Ms. Winnie Humberson oversees an outreach support team of 12 staffs to the Science Mission Directorate and NASA’s Earth science outreach activities. Winnie’s career began with NASA Goddard in 1980 working for Raytheon. She moved to McDonnell Douglas in 1989 as a Business Analyst supporting the Space Station project at GSFC. In 1991, she joined the Earth Observing System outreach program, developing publications and materials. Winnie’s background is in Accounting and Associate of Art Degree in Graphic Design from Pittsburgh Art Institute.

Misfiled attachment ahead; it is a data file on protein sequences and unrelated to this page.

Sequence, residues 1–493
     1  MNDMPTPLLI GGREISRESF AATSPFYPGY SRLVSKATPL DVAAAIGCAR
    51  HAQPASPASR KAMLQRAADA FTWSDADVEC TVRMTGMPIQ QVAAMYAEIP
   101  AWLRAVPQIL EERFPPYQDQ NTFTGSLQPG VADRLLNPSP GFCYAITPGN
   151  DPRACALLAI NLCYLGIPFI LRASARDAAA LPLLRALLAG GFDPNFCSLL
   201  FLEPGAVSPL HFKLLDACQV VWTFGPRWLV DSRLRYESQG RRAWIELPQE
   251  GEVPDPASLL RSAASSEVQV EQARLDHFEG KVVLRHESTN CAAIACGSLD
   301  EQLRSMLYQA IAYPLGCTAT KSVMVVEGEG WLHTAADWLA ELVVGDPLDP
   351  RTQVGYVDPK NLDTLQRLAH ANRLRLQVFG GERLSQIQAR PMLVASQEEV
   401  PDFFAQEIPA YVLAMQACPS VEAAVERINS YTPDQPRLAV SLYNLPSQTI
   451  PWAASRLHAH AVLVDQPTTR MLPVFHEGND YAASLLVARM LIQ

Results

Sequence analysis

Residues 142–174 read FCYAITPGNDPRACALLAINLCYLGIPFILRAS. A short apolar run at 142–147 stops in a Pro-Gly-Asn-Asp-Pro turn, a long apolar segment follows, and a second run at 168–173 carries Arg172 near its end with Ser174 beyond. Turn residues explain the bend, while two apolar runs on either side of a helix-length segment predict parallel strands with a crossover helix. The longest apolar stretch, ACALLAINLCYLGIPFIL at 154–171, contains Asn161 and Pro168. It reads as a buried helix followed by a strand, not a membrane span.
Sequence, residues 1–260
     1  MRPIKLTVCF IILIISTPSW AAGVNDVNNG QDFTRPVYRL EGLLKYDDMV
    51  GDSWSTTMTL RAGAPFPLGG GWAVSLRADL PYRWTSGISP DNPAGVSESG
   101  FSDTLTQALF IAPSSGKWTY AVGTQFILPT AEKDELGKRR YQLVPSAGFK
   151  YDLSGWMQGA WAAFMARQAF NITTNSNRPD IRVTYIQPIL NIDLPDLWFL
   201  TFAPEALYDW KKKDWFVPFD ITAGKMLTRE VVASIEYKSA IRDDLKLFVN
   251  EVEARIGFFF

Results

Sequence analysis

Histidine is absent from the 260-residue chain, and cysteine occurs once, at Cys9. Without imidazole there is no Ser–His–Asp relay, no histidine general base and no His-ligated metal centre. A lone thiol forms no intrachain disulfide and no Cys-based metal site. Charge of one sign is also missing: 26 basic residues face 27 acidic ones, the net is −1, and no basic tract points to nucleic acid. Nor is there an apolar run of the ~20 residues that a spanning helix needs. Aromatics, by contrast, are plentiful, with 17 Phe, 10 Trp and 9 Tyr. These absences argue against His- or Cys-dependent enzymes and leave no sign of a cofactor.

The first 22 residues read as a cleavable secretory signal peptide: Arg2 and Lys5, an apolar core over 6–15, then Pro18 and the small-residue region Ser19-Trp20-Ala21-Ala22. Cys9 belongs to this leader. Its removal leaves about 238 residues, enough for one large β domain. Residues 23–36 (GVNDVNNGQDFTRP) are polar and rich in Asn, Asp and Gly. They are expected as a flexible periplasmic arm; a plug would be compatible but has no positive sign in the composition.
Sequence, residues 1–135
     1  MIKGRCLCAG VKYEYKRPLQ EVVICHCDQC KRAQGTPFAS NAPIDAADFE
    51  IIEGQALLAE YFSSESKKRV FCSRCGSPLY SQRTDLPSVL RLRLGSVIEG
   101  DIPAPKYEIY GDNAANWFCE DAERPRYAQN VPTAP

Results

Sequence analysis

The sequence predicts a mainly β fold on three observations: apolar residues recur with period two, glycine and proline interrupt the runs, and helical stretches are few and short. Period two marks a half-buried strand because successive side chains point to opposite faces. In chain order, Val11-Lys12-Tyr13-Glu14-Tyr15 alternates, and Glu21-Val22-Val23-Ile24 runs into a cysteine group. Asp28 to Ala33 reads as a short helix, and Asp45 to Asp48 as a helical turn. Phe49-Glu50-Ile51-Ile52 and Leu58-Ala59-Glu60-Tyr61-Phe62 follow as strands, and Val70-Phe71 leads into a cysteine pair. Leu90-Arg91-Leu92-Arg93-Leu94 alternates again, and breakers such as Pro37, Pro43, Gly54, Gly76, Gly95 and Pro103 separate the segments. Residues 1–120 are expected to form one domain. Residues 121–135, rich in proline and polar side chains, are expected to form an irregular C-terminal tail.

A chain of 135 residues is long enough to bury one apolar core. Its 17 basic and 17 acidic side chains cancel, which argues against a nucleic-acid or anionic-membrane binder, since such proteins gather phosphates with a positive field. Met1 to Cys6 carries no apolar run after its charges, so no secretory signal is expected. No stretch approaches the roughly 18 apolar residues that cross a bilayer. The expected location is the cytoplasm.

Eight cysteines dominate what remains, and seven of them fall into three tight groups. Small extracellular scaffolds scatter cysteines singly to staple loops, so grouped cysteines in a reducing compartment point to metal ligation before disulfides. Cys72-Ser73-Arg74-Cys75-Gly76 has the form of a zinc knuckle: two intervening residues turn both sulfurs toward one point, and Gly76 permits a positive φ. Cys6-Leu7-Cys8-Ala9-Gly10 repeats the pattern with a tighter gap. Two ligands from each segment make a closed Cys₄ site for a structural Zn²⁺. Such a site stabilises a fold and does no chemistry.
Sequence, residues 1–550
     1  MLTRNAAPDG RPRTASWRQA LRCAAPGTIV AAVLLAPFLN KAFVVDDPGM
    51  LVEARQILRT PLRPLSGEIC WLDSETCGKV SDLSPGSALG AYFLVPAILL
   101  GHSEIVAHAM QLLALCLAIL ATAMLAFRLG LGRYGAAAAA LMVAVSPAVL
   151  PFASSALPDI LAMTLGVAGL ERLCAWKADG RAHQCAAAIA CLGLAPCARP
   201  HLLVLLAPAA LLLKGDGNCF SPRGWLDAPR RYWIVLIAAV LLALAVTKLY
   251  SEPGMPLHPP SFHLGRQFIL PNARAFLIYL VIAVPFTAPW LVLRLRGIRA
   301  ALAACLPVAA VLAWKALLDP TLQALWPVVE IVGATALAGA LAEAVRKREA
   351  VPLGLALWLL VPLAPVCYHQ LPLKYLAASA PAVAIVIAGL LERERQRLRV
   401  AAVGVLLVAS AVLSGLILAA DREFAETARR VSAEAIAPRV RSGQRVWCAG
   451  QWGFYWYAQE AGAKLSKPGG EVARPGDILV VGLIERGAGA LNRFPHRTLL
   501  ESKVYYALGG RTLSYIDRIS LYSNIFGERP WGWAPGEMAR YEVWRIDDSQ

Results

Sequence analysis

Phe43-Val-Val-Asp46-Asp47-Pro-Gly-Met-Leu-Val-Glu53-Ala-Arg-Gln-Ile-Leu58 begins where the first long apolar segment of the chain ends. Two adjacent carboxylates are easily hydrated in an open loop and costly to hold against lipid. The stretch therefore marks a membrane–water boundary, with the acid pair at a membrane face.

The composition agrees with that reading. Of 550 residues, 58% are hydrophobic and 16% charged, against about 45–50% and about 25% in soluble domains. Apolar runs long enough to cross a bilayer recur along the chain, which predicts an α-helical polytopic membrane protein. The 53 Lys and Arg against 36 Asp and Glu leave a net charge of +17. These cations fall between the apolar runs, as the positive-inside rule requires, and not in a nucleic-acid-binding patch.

Becky has been an educator for 31 years. Becky’s work with NASA includes serving as the Program Manager for NASA CONNECT, and serving as an Educator-in-Residence in both formal and informal education. She has presented at numerous professional development workshops and conferences and has worked with hundreds of children in outreach settings. Becky received the Presidential Award for Excellence in Science Teaching for her innovative work with students in the classroom. Becky also served on the NASA team to engage the public throughout the Godspeed sails and the Jamestown Anniversary events.